"Voodoo" is maybe not the right word
May 20, 2016 12:03 PM   Subscribe

I'm presently reading a (post?)cyberpunk novel, Richard K Morgan's Broken Angels. Like William Gibson's Count Zero and others in the genre, voodoo, its practitioners, and its beliefs are an element of the plot and setting. I haven't got the faintest idea about the religion, not even what its proper name is. What should I read / watch to remedy this?

I'm mostly interested in reading (or watching! documentaries please) about nuts-and-bolts practices and beliefs, as well as distinctions between voodoo/vodou and other syncretic religions. If there's a piece out there specifically talking about how white sci-fi authors have used these concepts, that would also be great.

This is the sort of thing I'm looking for, though it is quite focused on Gibson and doesn't appear to have been written by an actual practitioner.

Also, at the risk of making this question sound like it's for a school assignment (it's not), anything that could shed light on the relationships between voodoo beliefs and the broader themes of camaraderie or collectivism or warfare would be especially interesting.
posted by 4th number to Religion & Philosophy (10 answers total) 10 users marked this as a favorite
 
A couple years back the Field Museum had a really great Haitian Vodou exhibition. The exhibit subsite is still online and worth poking through.
posted by phunniemee at 12:13 PM on May 20, 2016


Voodoo is an official religion in Benin, where about 15% of the population practice it. It is different from santeria, which is a mix of voodoo and Christian beliefs practiced in the Western hemisphere. There is no difference between voodoo and vodou except spelling.
Google will answer most of your questions.
posted by irisclara at 12:15 PM on May 20, 2016 [2 favorites]


This is pretty good, although older and specific to Haiti.
posted by Ipsifendus at 12:27 PM on May 20, 2016 [1 favorite]




It's a few steps out from what you're looking for, but Robert Farris Thompson's Flash of the Spirit is such a wonderful book it should be mentioned. It's essentially art history, but more broadly it's about how various African systems of thought and aesthetics manifested themselves in the New World. Really great stuff on vodun/voudou/voodoo.
posted by neroli at 12:46 PM on May 20, 2016 [3 favorites]


Voodoo IS the proper name of the religion. Voodoo/Voudou/Voudon/Vodou are all acceptable spellings. You'll see lots of alternate spellings for voodoo-related words (lwa/l'wah/loa, for instance).

Tell My Horse: Voodoo and Life in Haiti and Jamaica by Zora Neale Hurston.

The Serpent and the Rainbow: A Harvard Scientist's Astonishing Journey into the Secret Societies of Haitian Voodoo, Zombis, and Magic by Wade Davis (please note it is NOTHING like the movie that was extremely loosely "based" on this book).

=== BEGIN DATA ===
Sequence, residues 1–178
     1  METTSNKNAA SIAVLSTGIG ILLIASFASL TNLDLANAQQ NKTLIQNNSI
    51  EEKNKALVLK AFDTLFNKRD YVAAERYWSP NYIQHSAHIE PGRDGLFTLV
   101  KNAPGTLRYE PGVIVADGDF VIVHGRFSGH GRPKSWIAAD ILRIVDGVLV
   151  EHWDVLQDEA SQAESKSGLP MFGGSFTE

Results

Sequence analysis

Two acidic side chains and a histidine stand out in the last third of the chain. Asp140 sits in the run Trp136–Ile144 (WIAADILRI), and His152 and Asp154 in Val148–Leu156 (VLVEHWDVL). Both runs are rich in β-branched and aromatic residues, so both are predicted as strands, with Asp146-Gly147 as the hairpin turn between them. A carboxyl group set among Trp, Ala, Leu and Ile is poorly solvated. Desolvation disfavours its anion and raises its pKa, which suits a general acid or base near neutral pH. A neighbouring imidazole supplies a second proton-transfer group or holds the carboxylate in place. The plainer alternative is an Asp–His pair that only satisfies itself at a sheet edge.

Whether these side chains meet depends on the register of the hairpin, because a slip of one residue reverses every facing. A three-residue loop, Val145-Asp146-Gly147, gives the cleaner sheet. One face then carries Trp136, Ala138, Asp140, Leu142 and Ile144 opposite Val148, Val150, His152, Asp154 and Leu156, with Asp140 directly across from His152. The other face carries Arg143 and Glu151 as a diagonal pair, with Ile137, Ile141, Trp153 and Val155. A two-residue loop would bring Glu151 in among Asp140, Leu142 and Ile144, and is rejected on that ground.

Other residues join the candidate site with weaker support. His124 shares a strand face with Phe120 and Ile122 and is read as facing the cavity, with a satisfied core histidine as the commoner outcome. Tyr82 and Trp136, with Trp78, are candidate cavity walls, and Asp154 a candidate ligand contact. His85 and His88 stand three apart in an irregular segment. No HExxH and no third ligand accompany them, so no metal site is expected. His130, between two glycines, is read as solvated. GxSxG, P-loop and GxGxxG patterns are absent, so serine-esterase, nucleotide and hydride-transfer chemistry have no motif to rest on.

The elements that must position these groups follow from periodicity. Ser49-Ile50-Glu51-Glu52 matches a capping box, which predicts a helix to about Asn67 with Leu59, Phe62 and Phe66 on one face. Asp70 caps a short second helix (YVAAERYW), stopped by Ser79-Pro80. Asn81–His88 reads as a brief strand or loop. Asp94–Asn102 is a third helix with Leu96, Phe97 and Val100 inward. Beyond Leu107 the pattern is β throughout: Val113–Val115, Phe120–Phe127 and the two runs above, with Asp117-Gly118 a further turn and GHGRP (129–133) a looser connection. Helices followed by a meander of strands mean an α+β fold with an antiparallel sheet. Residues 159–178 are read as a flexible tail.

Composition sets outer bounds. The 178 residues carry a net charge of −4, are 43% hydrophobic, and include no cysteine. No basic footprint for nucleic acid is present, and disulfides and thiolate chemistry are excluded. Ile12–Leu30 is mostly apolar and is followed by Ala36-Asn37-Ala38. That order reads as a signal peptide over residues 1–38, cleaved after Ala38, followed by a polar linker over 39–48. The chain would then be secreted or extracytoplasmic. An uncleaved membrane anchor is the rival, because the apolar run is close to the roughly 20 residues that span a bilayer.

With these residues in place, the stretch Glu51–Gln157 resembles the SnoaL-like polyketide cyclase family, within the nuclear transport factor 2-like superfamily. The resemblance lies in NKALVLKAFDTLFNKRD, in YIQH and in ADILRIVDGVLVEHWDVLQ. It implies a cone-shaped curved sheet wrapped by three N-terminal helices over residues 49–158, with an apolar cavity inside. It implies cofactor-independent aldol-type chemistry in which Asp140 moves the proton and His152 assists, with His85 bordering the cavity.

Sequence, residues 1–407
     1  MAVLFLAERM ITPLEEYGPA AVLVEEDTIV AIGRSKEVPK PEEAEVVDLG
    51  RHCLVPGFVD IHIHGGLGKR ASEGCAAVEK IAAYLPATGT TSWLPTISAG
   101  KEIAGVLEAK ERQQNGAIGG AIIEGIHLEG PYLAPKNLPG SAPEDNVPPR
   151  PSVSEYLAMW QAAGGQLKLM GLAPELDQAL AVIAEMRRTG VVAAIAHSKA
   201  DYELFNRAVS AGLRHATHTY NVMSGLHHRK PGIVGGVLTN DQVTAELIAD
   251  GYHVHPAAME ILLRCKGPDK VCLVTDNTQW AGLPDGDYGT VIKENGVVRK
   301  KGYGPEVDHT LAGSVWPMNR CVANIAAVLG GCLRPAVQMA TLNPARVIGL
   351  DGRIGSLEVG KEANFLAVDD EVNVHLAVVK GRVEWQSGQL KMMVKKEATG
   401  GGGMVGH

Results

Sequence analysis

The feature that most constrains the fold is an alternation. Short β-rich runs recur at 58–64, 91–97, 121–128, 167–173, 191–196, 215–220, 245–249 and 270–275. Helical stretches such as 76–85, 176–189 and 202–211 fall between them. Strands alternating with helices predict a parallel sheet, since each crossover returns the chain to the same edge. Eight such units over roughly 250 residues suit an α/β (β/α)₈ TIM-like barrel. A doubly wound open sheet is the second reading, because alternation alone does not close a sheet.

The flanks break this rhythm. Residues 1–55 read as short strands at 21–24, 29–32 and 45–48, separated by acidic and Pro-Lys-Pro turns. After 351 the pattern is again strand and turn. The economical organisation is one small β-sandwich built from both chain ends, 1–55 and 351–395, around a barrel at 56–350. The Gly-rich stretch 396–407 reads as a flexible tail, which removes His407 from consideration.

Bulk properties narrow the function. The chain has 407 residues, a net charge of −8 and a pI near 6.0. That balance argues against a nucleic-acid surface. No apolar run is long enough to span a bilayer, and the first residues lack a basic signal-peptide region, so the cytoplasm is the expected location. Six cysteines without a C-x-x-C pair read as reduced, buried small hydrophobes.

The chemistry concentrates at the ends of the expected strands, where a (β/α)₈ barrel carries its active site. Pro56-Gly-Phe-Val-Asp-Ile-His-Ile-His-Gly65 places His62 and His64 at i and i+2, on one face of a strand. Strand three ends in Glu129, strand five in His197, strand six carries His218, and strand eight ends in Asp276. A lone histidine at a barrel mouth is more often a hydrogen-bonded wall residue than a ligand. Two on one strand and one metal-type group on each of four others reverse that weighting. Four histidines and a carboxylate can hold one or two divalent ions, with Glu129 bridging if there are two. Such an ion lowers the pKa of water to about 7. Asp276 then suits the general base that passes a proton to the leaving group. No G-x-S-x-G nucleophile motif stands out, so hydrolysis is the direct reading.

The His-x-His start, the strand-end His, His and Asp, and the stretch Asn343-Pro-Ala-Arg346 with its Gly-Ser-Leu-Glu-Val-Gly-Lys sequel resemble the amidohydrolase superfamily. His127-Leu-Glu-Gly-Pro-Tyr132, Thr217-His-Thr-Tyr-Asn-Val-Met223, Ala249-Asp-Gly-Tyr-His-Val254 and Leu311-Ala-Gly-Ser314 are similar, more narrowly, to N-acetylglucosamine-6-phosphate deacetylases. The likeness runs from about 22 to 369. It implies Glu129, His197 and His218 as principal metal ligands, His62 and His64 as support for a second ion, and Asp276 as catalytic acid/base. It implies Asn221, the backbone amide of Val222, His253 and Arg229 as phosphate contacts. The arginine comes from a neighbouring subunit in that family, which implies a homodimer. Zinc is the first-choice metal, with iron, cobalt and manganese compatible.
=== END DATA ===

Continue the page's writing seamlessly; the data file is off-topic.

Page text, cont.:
Faces of the Gods: Vodou and Roman Catholicism in Haiti by Leslie G. Desmangles.
posted by erst at 2:53 PM on May 20, 2016 [2 favorites]


I came in to suggest Mama Lola, which along with the Zora Neale Hurston reference is one of many ethnographies available online at the Open Library for free checkout. I think it addressed the specific themes you're interested in, although you'll have to skip along to sections connected to the lwa relevant to each theme and poke around in the narrative bits about Mama Lola herself to glean stuff from context.
posted by Wobbuffet at 3:52 PM on May 20, 2016 [1 favorite]


I'm really happy you asked this question. Vodou is a desperately misunderstood and wrongly maligned religion, and whenever it comes up in conversation I do my best to clarify misunderstandings and encourage others to read legitimate literature on the subject.

Thirding Mama Lola. Very readable ethnography. One of my favorites. I also agree with others about Zora Neale Hurston's Tell My Horse.

The filmmaker Maya Deren's Divine Horsemen: The Living Gods of Haiti is an excellent in-depth work on Vodou; her film footage of Haitian Vodou ceremonies in the 40's and 50's was later edited into a documentary of the same name, which you can find on Youtube.
posted by nightrecordings at 7:57 AM on May 21, 2016 [1 favorite]


And for another novel with a voodoo theme, try Green Eyes by Lucius Shepard.
posted by Johnny Wallflower at 8:24 AM on May 21, 2016


Voodoo Queen: The Spirited Lives of Marie Laveau obviously focuses on Mme. Laveau specifically, but it also has a lot of information on the social context of New Orleans Voodoo in the 1800s, and the role of women in American Voodoo. I think it's the best-researched and least sensational book about her.

I'm not sure how accurate it is, but Emma Bull's Bone Dance is a post-apocalyptic fantasy novel where the magical elements are based in Voodoo. It's very original and a fun read.
posted by Nibbly Fang at 5:22 PM on May 21, 2016


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